2006 • Vol. 28, No. 1 (95)
Archive About Us
Dr. Chookaszian Appointed 6th Henry S. Kazan Visiting Professor
Mamikonian Concert Attracts Hundreds to the Opening of the Keyboard Concert Series
Elementary Armenian Language Course Filled to Capacity With New Students Eager to Learn
Kati Litten Joins Armenian Studies Program as New Administrative Assistant
Dr. Chookaszian Enlightens Audience About Contributions of Armenian Artists
Turkish Novelist Orhan Pamuk Wins Nobel Prize in Literature
Governor Schwarzenegger Signs Legislation to Build a Genocide Memorial in Sacramento
Congratulations Fresno State Armenian Studies Minors and Grads
Matthew Karanian and the Stone Garden Guide: Shedding a Positive Light On Armenia
French President Jacques Chirac Visits Armenia and Calls on Turkey "To Recognize Its Past"
Former Kazan Visiting Professor Dr. James Reid Passes Away
Zoë Grill-Delivering a Unique Taste
Armenian Studies Website Statistics June-October
The Effect of Genocide on Twentieth Century Thought
What is an Armenian?
Armenians on the Internet
This article was first printed in the 1980 Hye Sharzhoom, Vol. 2, No. 2. It
is being reprinted here as part of a series of looking back at the pages of
BY BARLOW DER MUGRDECHIAN
What does it mean to be Armenian? To know the Armenian language, or the culture,
or the literature? These are a few of the common views.
I would like to offer my opinions, from my perspective as a third-generation Armenian.
I would like to examine what it is to be Armenian.
There are those who say to be a genuine Armenian you must speak Armenian. Where
does this view come from? Often from the older generation and sometimes it is heard
from those who have recently arrived from Armenian communities abroad. But is it
necessary to speak Armenian to be Armenian?
For others, religious or political affiliation is involved. Some say the Apostolics
are better Armenians than the Protestants or vice-versa. Others say the Ramgavars
are more Armenian than the Tashnaks, or that the Tashnaks are better Armenians than
Some might add culture and literature to the debate. Don't you need an understanding
of these to be an Armenian? Maybe music is the most important, or perhaps poetry,
or even dancing.
I have posed many questions and have offered no answers. To do so would limit the
question of "what is an Armenian."
What, then, is the over-riding characteristic of an Armenian? What does it mean
to be Armenian?
To be Armenian is to have the unquenchable spirit and faith of the Armenian people.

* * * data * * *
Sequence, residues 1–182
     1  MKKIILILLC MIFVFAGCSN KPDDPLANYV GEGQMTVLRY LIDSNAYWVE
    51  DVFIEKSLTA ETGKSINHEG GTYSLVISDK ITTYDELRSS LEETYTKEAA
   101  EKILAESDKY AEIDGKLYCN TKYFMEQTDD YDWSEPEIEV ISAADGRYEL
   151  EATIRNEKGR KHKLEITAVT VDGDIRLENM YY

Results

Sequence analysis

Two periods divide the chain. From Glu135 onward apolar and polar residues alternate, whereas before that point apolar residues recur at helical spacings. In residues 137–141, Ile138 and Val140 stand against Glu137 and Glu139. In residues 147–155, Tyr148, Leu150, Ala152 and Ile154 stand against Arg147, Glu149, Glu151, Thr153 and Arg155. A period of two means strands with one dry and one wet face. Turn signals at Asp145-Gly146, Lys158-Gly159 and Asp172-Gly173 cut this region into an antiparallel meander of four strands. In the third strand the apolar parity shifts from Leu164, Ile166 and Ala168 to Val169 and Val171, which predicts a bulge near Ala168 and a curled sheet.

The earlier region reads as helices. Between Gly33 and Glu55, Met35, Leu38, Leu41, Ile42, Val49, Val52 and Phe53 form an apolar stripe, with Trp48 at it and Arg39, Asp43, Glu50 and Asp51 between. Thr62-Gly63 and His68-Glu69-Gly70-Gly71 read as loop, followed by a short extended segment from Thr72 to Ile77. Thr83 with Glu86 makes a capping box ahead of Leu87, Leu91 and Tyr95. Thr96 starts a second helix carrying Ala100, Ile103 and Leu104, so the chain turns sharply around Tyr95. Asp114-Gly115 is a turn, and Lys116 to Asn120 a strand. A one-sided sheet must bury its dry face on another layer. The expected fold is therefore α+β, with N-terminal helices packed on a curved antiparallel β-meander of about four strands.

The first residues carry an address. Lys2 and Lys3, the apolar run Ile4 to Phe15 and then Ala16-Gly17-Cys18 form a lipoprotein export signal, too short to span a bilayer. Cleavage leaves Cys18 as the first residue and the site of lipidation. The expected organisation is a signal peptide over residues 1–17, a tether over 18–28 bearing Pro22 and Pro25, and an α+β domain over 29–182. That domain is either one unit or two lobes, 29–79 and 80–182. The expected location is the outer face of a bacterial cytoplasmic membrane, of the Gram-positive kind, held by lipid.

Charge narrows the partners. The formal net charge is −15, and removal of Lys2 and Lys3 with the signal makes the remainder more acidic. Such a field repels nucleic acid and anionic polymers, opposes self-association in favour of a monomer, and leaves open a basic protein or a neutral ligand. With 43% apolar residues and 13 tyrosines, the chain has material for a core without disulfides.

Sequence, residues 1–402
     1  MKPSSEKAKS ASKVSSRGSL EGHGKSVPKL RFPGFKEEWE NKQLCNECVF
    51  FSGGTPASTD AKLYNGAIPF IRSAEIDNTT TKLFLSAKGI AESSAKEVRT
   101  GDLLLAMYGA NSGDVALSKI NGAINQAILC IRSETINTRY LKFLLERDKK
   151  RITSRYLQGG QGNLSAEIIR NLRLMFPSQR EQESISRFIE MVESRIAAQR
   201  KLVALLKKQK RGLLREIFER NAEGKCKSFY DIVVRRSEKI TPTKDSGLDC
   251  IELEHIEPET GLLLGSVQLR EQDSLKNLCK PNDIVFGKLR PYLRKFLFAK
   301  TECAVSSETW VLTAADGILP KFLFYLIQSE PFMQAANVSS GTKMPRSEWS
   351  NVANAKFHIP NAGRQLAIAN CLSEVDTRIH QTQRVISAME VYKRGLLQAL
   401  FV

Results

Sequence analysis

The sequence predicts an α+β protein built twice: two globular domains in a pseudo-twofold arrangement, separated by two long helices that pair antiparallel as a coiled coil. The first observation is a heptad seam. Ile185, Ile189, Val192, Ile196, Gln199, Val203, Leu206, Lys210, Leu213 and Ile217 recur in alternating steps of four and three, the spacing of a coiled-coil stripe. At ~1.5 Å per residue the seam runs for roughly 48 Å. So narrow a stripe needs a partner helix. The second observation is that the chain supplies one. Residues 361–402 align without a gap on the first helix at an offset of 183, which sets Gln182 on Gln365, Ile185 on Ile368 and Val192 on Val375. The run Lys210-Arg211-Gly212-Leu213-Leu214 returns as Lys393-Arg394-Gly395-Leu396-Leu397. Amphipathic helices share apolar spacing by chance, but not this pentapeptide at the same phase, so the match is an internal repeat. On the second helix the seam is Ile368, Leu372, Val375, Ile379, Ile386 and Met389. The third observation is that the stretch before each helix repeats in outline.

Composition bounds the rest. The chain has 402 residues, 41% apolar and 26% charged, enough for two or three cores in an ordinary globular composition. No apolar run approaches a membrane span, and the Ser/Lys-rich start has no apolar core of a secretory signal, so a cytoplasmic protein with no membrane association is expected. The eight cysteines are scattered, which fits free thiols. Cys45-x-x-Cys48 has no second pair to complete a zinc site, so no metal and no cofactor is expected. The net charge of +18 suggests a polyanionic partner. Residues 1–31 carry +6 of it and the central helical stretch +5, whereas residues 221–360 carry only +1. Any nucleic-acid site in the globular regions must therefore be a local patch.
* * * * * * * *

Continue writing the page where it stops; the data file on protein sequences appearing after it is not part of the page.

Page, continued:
I say spirit and faith, and I mean that essence which has enabled a people to remain
just that, a People, for over two thousand years, throughout massacre, persecution
and all manner of tribulation. We are alive as a people, while others have fallen
through the march of history, alive as a people against constant, overwhelming and
How does one obtain this spirit? Does being born to Armenian parents automatically
enroll one in the ranks of the Armenian nation? To be Armenian it is not necessary
to have Armenian racial characteristics. It is not even necessary to be born an
Armenian, to have an Armenian last name, or be a member of a certain political party.
There is no all-inclusive class of Armenian.
It is necessary to desire to partake of that body of knowledge that is known
as Armenian. One must also be willing to contribute as well as to take.
To be Armenian is to have the spirit and also to pass the spirit on to others—to
your children, to your friends, and to the world at large. This entails passing
on knowledge of Armenian history, customs and traditions. And once these have been
instilled once this spirit has been nurtured, the natural desire for more information
will follow. And because it is so natural it will be all the more effective.
What is the tie that binds us? What is it then to be Armenian? To be Armenian is
to have the pride in our past and the confidence to work in the present. The future
will hold no barrier and the present no difficulties to those who are concerned
and who carry the spirit. To be Armenian is to have that pride and spirit that ties
us all. To be Armenian is to see that the Armenian heritage is not lost.
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